In re: Chudik, No. 16-1817 (Fed. Cir. 2017)

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Justia Opinion Summary

The 631 application, entitled “Glenoid Implant for Minimally Invasive Shoulder Replacement Surgery,” describes an invention related to “rotator cuff sparing procedures and associated devices for shoulder replacement surgery.” The application improves on the prior art by offering “simple and less invasive perpendicular access to the humeral and glenoid joint surfaces,” which “spares the rotator cuff tendons and allows for a quicker and more functional recovery.” The surgery described in the application involves two main steps. First, the surgeon removes “a minimal amount of bone from the peripheral surface of the glenoid”—a process called reaming. Second, the surgeon places an implant in the reamed cavity. The Patent Trial and Appeal Board concluded that several claims were anticipated by prior art, 35 U.S.C. 102(b). The Federal Circuit reversed; the finding of anticipation was not supported by substantial evidence.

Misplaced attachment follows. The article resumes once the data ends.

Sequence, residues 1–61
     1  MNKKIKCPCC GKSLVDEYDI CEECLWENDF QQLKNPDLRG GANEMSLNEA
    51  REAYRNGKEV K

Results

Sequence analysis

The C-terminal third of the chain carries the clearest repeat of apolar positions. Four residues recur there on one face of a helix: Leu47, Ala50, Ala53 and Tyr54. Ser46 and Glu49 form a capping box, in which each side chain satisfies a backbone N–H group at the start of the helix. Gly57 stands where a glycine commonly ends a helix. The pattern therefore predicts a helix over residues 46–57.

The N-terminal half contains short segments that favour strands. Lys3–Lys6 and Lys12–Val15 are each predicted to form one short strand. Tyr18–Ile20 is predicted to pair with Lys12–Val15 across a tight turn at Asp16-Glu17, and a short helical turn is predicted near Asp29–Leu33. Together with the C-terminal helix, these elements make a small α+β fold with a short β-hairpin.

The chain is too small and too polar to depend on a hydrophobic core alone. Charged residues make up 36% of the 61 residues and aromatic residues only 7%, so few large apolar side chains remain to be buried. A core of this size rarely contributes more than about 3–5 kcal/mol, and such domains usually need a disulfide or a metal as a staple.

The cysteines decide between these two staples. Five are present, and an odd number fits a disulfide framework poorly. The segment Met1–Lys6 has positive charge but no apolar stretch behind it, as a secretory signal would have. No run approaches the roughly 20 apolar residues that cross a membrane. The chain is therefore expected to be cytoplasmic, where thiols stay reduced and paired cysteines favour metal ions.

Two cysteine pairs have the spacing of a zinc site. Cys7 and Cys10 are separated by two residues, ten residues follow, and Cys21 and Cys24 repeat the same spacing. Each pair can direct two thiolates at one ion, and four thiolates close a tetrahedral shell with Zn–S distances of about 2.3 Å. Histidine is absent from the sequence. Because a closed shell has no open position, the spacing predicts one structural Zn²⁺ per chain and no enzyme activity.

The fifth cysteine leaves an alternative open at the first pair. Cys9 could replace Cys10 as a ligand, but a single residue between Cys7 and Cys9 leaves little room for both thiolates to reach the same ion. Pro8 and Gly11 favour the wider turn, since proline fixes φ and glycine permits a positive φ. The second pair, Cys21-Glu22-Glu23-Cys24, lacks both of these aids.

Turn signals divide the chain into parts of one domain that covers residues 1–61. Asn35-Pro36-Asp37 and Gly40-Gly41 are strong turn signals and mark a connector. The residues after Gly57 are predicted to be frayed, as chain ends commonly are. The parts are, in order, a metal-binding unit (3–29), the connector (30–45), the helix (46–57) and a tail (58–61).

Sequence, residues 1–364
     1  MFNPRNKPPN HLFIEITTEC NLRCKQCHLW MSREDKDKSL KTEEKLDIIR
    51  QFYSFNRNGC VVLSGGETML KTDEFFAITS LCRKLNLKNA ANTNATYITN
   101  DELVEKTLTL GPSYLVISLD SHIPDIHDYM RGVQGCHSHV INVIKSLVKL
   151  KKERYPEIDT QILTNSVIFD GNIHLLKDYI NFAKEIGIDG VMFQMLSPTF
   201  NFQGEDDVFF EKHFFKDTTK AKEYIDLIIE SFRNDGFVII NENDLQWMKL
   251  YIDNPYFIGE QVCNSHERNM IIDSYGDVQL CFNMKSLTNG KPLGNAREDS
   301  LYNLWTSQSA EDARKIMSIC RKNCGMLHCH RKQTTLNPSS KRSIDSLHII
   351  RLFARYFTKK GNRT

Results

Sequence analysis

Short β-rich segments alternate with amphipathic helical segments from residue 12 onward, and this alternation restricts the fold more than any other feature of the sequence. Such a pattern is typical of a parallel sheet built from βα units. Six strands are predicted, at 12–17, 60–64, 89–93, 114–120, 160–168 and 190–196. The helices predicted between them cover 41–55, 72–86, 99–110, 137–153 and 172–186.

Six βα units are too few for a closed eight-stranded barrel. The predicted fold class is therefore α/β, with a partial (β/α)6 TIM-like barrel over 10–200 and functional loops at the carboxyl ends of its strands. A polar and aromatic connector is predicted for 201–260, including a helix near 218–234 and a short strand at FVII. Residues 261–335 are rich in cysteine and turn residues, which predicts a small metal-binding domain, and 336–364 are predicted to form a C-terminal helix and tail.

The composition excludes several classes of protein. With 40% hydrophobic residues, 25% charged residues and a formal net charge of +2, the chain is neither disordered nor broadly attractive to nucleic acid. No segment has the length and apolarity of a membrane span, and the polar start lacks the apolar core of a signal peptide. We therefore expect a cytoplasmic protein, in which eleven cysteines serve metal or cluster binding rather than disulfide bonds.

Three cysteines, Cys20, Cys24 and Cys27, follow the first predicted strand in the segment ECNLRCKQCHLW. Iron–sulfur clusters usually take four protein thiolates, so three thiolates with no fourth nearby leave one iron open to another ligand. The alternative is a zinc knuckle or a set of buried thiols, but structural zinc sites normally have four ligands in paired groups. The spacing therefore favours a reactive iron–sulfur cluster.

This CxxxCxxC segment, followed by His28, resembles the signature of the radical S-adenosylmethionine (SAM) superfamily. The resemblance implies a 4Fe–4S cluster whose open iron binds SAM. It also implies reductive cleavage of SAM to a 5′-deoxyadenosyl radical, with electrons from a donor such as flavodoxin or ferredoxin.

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United States Court of Appeals for the Federal Circuit ______________________ IN RE: STEVEN C. CHUDIK, Appellant ______________________ 2016-1817 ______________________ Appeal from the United States Patent and Trademark Office, Patent Trial and Appeal Board in No. 11/525,631. ______________________ Decided: March 27, 2017 ______________________ GREGORY B. BEGGS, Law Offices of Gregory B. Beggs, Downers Grove, IL, argued for appellant. MARY L. KELLY, Office of the Solicitor, United States Patent and Trademark Office, Alexandria, VA, argued for appellee Michelle K. Lee. Also represented by NATHAN K. KELLEY, MEREDITH HOPE SCHOENFELD, THOMAS W. KRAUSE. ______________________ Before DYK, REYNA, and STOLL, Circuit Judges. REYNA, Circuit Judge. Steven Chudik appeals from the Patent Trial and Appeal Board’s (“Board”) determination that claims 1, 15, 18, and 33–40 of U.S. Patent Application 11/525,631 (“’631 application”) are anticipated by two prior art references. 2 IN RE: CHUDIK Because substantial evidence does not support the Board’s determination, we reverse. BACKGROUND 1. The ’631 Application The ’631 application, entitled “Glenoid Implant for Minimally Invasive Shoulder Replacement Surgery,” describes an invention related to “rotator cuff sparing procedures and associated devices for shoulder replacement surgery.” J.A. 24, ¶ 2. The ’631 application improves on the prior art by offering “simple and less invasive perpendicular access to the humeral and glenoid joint surfaces,” which “spares the rotator cuff tendons and allows for a quicker and more functional recovery.” J.A. 29–30, ¶¶ 12–13. As relevant here, the surgery described in the ’631 application involves two main steps. First, the surgeon removes “a minimal amount of bone from the peripheral surface of the glenoid”—a process called reaming. See J.A. 51, ¶ 124. Second, the surgeon places an implant in the reamed cavity. See J.A. 57, ¶ 142. The glenoid, reamer, and implant are pictured below: IN RE: CHUDIK 3 J.A. 79, 91, 94. The scapula is the shoulder bone connecting the humerus (upper arm bone) to the clavicle (the collar bone). Figure 7a shows that the glenoid cavity 22 faces outward on the scapula. Figure 21 depicts a side view of the reamer, and Figure 22 shows how the reaming surface 114 faces toward the glenoid cavity. J.A. 30, ¶ 17; J.A. 37, ¶ 80. Once the glenoid cavity has been reamed, the implant’s protruding surface 119 “sits within the concavity of the reamed glenoid surface.” J.A. 57, ¶ 142. Figures 23a and 27a show the protruding surface 119, which “protrudes into the glenoid 22 to a specified depth.” Id. The ’631 application describes the reaming surface 114 in similar terms to the protruding surface 119. Compare J.A. 51, ¶ 124, with J.A. 57, ¶ 142. Like the reaming surface 114, the protruding surface 119 faces toward the glenoid cavity. See Fig. 22. Representative independent claims 1 and 40 are at issue in this appeal. 1 They recite: 1. A glenoid implant comprising: a shell having a protruding surface on a first side arranged to engage the surface of a cavity formed in a glenoid extending between peripheral glenoid surfaces, and a flat surface on the first side adjacent the protruding surface arranged to engage the peripheral glenoid surfaces adjacent the cavity, and a wear-resistant articulating surface on a second side opposite the flat surface and the protruding surface. Rejected claims 15, 18, and 33–39 depend from claim 1. See J.A. 271–72. 1 4 IN RE: CHUDIK 40. A glenoid implant comprising: a protruding surface on a first side arranged to engage the surface of a cavity formed in a glenoid extending between peripheral glenoid surfaces, and a substantially planar wear-resistant articulating surface on a second side opposite the protruding surface. J.A. 3 (disputed term emphasized). 2. Prior Art Rambert FR 2 579 454 (Oct. 3, 1986) (“Rambert”) discloses a glenoid implant with a shell element. J.A. 188. 5 IN RE: CHUDIK Rambert Figure 2 shows element 27b in contact with anchoring element 27a, which in turn contacts the glenoid cavity. J.A. 198. Bouttens WO 01/47442 A1 (July 5, 2001) (“Bouttens”) discloses a shoulder prosthesis assembly for implantation in the glenoid. J.A. 199. Bouttens Figure 1 shows the protruding surface 11 facing away from the glenoid cavity and toward the humerus. J.A. 210. It also shows screws on the opposite side of the protruding surface attaching the implant to the glenoid region. See id. 3. Examination Proceedings Mr. Chudik filed the ’631 application on September 25, 2006. On June 5, 2012, the Examiner issued a Final 6 IN RE: CHUDIK Action rejecting claims 1, 15, 18, and 33–40. The Examiner made four rejections: • Claim 40 rejected under 35 U.S.C. § 112, first paragraph 2; • Claims 1, 15, and 33–39 rejected under 35 U.S.C. § 102(b) as anticipated by Rambert; • Claim 40 rejected under 35 U.S.C. § 102(b) as anticipated by Bouttens; • Claim 18 rejected under 35 U.S.C. § 103(a) as obvious over Rambert and Church. Mr. Chudik filed a Notice of Appeal of the Examiner’s rejections on September 1, 2012. 4. Board Proceedings The parties briefed Mr. Chudik’s appeal in 2012 and 2013. The Board issued its Decision on Appeal on February 10, 2016. It did not sustain the Examiner’s determination that claim 40 failed to comply with § 112, first paragraph. But it did sustain the Examiner’s determinations that: • Claims 1, 15, and 33–39 were anticipated by Rambert; • Claim 40 was anticipated by Bouttens; • Claim 18 would have been obvious over Rambert and Church. 35 U.S.C. §§ 102, 103, and 112 were replaced with new versions in the America Invents Act. See Leahy Smith America Invents Act, Pub. L. No. 112-29, §§ 3(b), 3(c), and 4(c), 125 Stat. 284, 285–87, 296 (2011) (“AIA”). The new versions of §§ 102, 103, and 112 do not apply in this case, given that the ’631 patent application predates those revisions. See AIA, §§ 3(n)(1), 4(e), 125 Stat. 293, 297. Thus, we refer to the pre-AIA version of Title 35. 2 IN RE: CHUDIK 7 In support of its findings, the Board stated that “independent claim 1 is an apparatus claim and does not require the recited surfaces to ‘engage’ the specified glenoid regions; rather, independent claim 1 requires only that the recited surfaces be ‘arranged’ for such engagement.” J.A. 6. Therefore, according to the Board, “the fact that Rambert’s protruding and flat surfaces are not described or depicted as actually engaging the specified glenoid regions is not dispositive, as they can still be arranged to do so.” Id. The Board thus sustained the Examiner’s rejection of claims 1, 15, and 33–39 based on Rambert. As for claim 40, another apparatus claim, the Board stated that Mr. Chudik “does not adequately address why Bouttens’s surface 11 is structurally incapable of engaging a glenoid cavity that matches its protruding profile.” J.A. 8. The Board noted that “the claim language does not specify shape characteristics of the cavity, and the Specification conveys that the cavity can have ‘any’ shape that matches that of the protruding surface.” Id. It also found that the Examiner’s construction of the term “articulating surface” to mean “where elements unite as a joint” was “broad but reasonable” and “consistent with the Specification.” J.A. 9. Therefore, the Board sustained the rejection of claim 40 based on Bouttens. Finally, the Board affirmed the rejection of claim 18 as obvious over Rambert and Church. J.A. 10. The Board’s reasoning rested only on Rambert; it did not discuss Church. See id. On appeal, Mr. Chudik states that “the Church patent is of no consequence in this case.” Opening Br. 16. Similarly, the Government makes no separate argument regarding Church. We therefore do not address whether claim 18 would have been obvious over Rambert and Church. Chudik timely appeals, arguing that neither Rambert nor Bouttens anticipates the ’631 application without 8 IN RE: CHUDIK improper modification and that the Examiner wrongly construed “articulating surface.” We have jurisdiction under 28 U.S.C. § 1295(a)(4)(A). STANDARD OF REVIEW Anticipation is a question of fact we review for substantial evidence. Blue Calypso, LLC v. Groupon, Inc., 815 F.3d 1331, 1341 (Fed. Cir. 2016). Substantial evidence is “such relevant evidence as a reasonable mind might accept as adequate to support a conclusion.” Universal Camera Corp. v. NLRB, 340 U.S. 474, 477 (1951). “Where two different conclusions may be warranted based on the evidence of record, the Board’s decision to favor one conclusion over the other is the type of decision that must be sustained by this court as supported by substantial evidence.” In re Bayer Aktiengesellschaft, 488 F.3d 960, 970 (Fed. Cir. 2007). Though our review of an anticipation finding is deferential, we have not hesitated to reverse the Board when substantial evidence does not support its findings. See Nidec Motor Corp. v. Zhongshan Broad Ocean Motor Co., __ F.3d __, 2017 WL 977034 (Fed Cir. Mar. 14, 2017); In re Skvorecz, 580 F.3d 1262, 1267– 68 (Fed. Cir. 2009). DISCUSSION 1. Legal Standard A patent claim is invalid for anticipation under 35 U.S.C. § 102 when a prior art reference describes “each and every claim limitation and enable[s] one of skill in the art to practice an embodiment of the claimed invention without undue experimentation.” ClearValue, Inc. v. Pearl River Polymers, Inc., 668 F.3d 1340, 1344 (Fed. Cir. 2012) (quotation marks and citation omitted). Simply put, an anticipated invention “is not new.” Skvorecz, 580 F.3d at 1266. By contrast, a prior art reference that “‘must be distorted from its obvious design’” does not anticipate a patent claim. In re Wells, 53 F.2d 537, 539 9 IN RE: CHUDIK (C.C.P.A. 1931) (quoting Block v. Nathan Anklet Support Co., 9 F.2d 311, 312 (2d Cir. 1925)); accord Topliff v. Topliff, 145 U.S. 156, 161 (1892) (“It is not sufficient to constitute an anticipation that the device relied upon might, by modification, be made to accomplish the function performed by the patent in question, if it were not designed by its maker, nor adapted, nor actually used, for the performance of such functions.”) (emphasis added). In other words, a prior art reference anticipates a claim only if it discloses all the elements “in the same form and order as in the claim.” Abbott Labs. v. Sandoz, Inc., 544 F.3d 1341, 1345 (Fed. Cir. 2008); NetMoneyIN, Inc. v. VeriSign, Inc., 545 F.3d 1359, 1369 (Fed. Cir. 2008) (same). 2. Rambert Claim 1 of the ’631 application requires the “shell having a protruding surface on a first side arranged to engage the surface of a cavity formed in a glenoid extending between peripheral glenoid surfaces.” J.A. 3. As an initial matter, neither the parties nor the Board construed the term “engage.” However, the Board seems to interpret it to mean “contact,” which we find to be reasonable. See J.A. 6 (admitting that because element 27b does not “directly contact[] bone regions of the scapula 5,” it does not actually engage). Indeed, Rambert Figure 2 shows element 27b engaging element 27a, which in turn engages the glenoid cavity. 10 IN RE: CHUDIK J.A. 198. The Examiner recognized that element 27b— not element 27a—contains the “protruding surface on a first side” that claim 1 requires. See J.A. 6 (“The surfaces identified by the Examiner as the ‘protruding surface’ and the ‘flat surface’ reside on Rambert’s second portion 27b . . . , and thus are not described or depicted as directly contacting bone regions of the scapula 5.”). The Board found this fact not to be dispositive, however, because as an apparatus claim, claim 1 “does not require the recited surfaces to ‘engage’ the specified glenoid regions.” Id. The Board found that because the surfaces of element 27b “can still be arranged to” engage the glenoid regions, Rambert anticipates claims 1 and its dependent claims 15 and 33–39. We disagree. Claim 1 is indeed an apparatus claim, and the “arranged to engage” language could imply that the protruding surface on the flat side need not always actually 11 IN RE: CHUDIK engage the glenoid cavity surface. However, it must be at least capable of doing so. 3 Here, element 27b’s protruding surface cannot be “arranged to engage” the glenoid cavity surface without removing element 27a. Prior art that “must be distorted from its obvious design” does not anticipate a new invention. Wells, 53 F.2d at 539; see also Topliff, 145 U.S. at 161 (prior art that must be modified “to accomplish the function performed by the patent in question” does not anticipate). 4 Neither the Examiner nor the Board described how the protruding surface of Rambert’s element 27b is capable of engaging the surface of the glenoid cavity without removing element 27a, i.e., tearing the invention apart. Therefore, substantial evidence does not support the Board’s anticipation finding based on Rambert. 3. Bouttens Claim 40 of the ’631 application requires “a protruding surface on a first side arranged to engage the surface of a cavity formed in a glenoid extending between peripheral glenoid surfaces.” J.A. 3. The Board concluded that Neither the parties nor the Board construed the term “arranged to.” We assume for purposes of this opinion that “arranged to” is analogous to “adapted to,” which means “made to,” “designed to,” or “configured to.” In re Man Mach. Interface Techs. LLC, 822 F.3d 1282, 1286 (Fed. Cir. 2016). “Adapted to” occasionally has a broader meaning of “capable of” or “suitable for.” Id. Even under this broader definition, element 27b is not capable of engaging with the glenoid cavity surface. 4 The government relies heavily on In re Schreiber, 128 F.3d 1473 (Fed. Cir. 1997), which involved an old structure from the prior art being put to a new use. But that is not the situation here, because Rambert teaches a different structure than the ’631 application with an identical use. 3 12 IN RE: CHUDIK Bouttens anticipates claim 40 because its surface 11 is not “structurally incapable of engaging a glenoid cavity that matches its protruding profile,” and because “the Specification conveys that the cavity can have ‘any’ shape that matches that of the protruding surface.” J.A. 8. We disagree. Mr. Chudik’s brief asks two relevant questions: “If the Bouttens implant’s ‘protruding surface’ is faced about, turned 180 degrees, where does the Examiner or the Board propose to fasten it in a person’s shoulder? What is going to happen to the humerus?” Appellant’s Op. Br. 15. The Board does not address either question. The Board’s reasoning only makes sense if the user rotates Bouttens 180 degrees, thereby rendering the protruding surface 11 capable of engaging the glenoid cavity instead of the humerus. Figure 1 demonstrates that rotating Bouttens so that the protruding surface faces the glenoid cavity would require relocating the screws for Bouttens to remain operable. This endeavor would constitute a significant 13 IN RE: CHUDIK and impermissible modification. Wells, 53 F.2d at 539; Topliff, 145 U.S. at 161. The Board’s determination of anticipation was erroneous because the Board failed to describe how a user could rotate Bouttens without modification while continuing “to accomplish the function performed by” the ’631 application. Topliff, 145 U.S. at 161. We therefore reverse the Board’s anticipation finding as not supported by substantial evidence. We need not resolve Mr. Chudik’s second argument about whether the Examiner correctly construed “articulating surface.” CONCLUSION Substantial evidence does not support the Board’s determination that Rambert or Bouttens anticipate claims 1, 15, 18, or 33–40 of the ’631 application. We reverse the Board’s rejection of those claims. REVERSED COSTS Costs to Mr. Chudik.